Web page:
So what if I don't want to engage?
In customer retention and loyalty marketing, the buzz phrase of the moment is “engagement marketing.” While a vital piece of any acquisition program, its use in the retention segment has recently morphed from engaging customers via dialogue and personalized communications, to inviting them to actively participate with brands, via interactive blogs, viral video contests and social networking sites.
The question I've been pondering is this: What if I'm a loyal customer and I don't want to interact with the brand? The fact is, for every rabid Apple, Jet Blue and Toyota Prius customer who wants to engage, there are other customers enjoying the same products or services who don't want to interact. And, for low involvement categories — think life insurance or gas stations — there may be little to no customers who want to actively engage with you.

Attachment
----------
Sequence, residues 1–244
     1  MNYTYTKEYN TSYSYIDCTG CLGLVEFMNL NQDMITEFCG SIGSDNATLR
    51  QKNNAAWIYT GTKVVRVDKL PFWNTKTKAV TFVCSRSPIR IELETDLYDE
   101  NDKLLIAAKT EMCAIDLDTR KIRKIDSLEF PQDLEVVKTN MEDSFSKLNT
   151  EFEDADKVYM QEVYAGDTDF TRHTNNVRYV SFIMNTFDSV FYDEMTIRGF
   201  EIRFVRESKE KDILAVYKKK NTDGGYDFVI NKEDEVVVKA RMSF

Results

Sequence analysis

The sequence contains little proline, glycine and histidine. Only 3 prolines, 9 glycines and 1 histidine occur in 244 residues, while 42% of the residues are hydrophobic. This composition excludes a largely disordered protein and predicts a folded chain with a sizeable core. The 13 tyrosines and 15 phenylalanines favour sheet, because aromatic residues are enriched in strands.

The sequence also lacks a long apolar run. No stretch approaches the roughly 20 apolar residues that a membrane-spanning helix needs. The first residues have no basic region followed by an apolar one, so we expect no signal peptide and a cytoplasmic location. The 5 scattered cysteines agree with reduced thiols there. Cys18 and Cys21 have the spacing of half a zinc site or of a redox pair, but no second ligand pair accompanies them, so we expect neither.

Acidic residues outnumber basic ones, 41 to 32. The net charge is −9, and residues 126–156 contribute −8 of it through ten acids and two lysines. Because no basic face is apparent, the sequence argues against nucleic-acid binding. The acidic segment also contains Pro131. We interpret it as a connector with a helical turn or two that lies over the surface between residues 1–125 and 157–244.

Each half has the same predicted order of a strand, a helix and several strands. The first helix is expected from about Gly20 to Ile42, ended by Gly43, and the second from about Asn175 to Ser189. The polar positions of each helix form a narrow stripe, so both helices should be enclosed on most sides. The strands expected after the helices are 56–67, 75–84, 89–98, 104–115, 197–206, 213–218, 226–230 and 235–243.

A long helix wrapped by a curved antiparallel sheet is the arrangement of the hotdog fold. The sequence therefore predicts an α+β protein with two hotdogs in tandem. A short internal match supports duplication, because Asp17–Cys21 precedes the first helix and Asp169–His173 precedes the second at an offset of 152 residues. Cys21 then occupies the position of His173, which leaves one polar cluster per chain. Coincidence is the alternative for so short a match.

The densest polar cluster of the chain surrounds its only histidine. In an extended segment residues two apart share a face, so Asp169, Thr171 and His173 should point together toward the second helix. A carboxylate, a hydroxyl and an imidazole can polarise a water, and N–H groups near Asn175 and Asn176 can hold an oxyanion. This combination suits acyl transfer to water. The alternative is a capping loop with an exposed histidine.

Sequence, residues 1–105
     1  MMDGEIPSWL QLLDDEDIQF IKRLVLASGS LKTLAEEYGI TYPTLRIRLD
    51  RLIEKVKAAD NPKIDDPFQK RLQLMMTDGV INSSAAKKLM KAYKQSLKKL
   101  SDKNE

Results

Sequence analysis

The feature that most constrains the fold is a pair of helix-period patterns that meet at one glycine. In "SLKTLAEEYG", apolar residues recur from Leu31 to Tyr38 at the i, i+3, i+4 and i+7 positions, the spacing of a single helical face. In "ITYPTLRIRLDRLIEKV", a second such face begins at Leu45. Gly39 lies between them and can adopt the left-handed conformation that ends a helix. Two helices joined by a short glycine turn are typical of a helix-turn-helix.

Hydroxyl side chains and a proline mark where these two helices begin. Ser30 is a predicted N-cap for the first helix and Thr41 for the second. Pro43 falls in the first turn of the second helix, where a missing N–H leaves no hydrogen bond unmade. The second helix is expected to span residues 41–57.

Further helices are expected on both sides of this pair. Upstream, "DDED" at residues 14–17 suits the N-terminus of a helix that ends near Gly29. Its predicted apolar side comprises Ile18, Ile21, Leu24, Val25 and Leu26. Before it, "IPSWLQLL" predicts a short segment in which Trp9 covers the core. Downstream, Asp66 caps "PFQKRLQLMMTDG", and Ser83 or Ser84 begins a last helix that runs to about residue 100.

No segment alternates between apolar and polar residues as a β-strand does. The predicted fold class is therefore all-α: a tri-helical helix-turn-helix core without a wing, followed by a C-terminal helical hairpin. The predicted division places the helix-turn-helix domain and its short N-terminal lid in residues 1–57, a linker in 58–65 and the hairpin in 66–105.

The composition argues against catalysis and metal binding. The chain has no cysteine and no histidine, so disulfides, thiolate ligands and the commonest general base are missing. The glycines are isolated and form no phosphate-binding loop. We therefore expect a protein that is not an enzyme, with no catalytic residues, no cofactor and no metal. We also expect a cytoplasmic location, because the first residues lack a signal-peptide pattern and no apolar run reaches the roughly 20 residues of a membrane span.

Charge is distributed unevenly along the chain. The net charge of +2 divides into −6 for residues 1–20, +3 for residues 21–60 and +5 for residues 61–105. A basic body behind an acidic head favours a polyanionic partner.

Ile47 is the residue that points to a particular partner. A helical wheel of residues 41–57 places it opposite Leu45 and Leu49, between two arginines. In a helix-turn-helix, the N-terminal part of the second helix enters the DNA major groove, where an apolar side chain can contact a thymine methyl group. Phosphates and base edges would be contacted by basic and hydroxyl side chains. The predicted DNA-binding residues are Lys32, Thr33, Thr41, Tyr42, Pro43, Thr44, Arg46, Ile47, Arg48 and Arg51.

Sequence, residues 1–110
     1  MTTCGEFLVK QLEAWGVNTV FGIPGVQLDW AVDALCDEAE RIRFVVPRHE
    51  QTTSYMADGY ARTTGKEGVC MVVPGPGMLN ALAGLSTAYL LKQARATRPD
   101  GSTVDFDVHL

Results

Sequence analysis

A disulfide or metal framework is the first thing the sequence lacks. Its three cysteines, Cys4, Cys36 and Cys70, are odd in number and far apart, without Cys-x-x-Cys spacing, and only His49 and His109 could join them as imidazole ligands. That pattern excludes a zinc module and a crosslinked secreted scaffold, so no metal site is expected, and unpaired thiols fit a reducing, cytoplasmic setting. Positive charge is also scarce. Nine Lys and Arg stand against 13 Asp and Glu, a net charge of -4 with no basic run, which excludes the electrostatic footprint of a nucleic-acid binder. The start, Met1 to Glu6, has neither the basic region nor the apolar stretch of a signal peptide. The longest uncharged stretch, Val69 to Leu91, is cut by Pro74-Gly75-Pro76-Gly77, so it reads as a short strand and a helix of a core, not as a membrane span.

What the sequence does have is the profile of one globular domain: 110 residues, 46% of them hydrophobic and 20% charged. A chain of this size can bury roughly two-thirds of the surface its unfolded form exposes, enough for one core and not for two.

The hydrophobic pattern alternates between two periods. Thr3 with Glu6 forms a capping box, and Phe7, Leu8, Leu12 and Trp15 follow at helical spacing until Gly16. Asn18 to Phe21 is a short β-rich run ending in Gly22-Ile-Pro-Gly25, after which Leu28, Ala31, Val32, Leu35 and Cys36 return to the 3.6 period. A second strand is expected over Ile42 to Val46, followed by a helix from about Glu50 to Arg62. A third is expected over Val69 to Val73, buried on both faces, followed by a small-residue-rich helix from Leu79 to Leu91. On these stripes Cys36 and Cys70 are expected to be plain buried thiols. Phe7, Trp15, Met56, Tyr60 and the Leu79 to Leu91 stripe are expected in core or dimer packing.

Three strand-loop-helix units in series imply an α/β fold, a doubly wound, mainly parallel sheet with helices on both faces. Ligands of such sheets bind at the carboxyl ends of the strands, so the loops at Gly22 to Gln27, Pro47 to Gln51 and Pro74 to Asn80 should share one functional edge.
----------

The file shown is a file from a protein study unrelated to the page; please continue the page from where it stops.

So while it may make perfect marketing sense to launch a corporate blog, put a page up on MySpace or release the world's coolest widget, it would be a mistake to forget the basics of customer retention — the “blocking and tackling” that should be a part of every loyalty program.
Most successful loyalty programs have always been comprised of two key elements: rewards and recognition. Rewards are the tangible stuff — the free flights, hotel nights, etc. But equally important is the recognition — the intangible thank-you messages and soft benefits like invitations to VIP customer-only events that show your best customers you truly care.
In the rush to jump onto the Web 2.0 bandwagon, let's not forget the basics. It's still far more effective to send a personalized, relevant e-mail to a valued customer than a come-on to become a Facebook friend.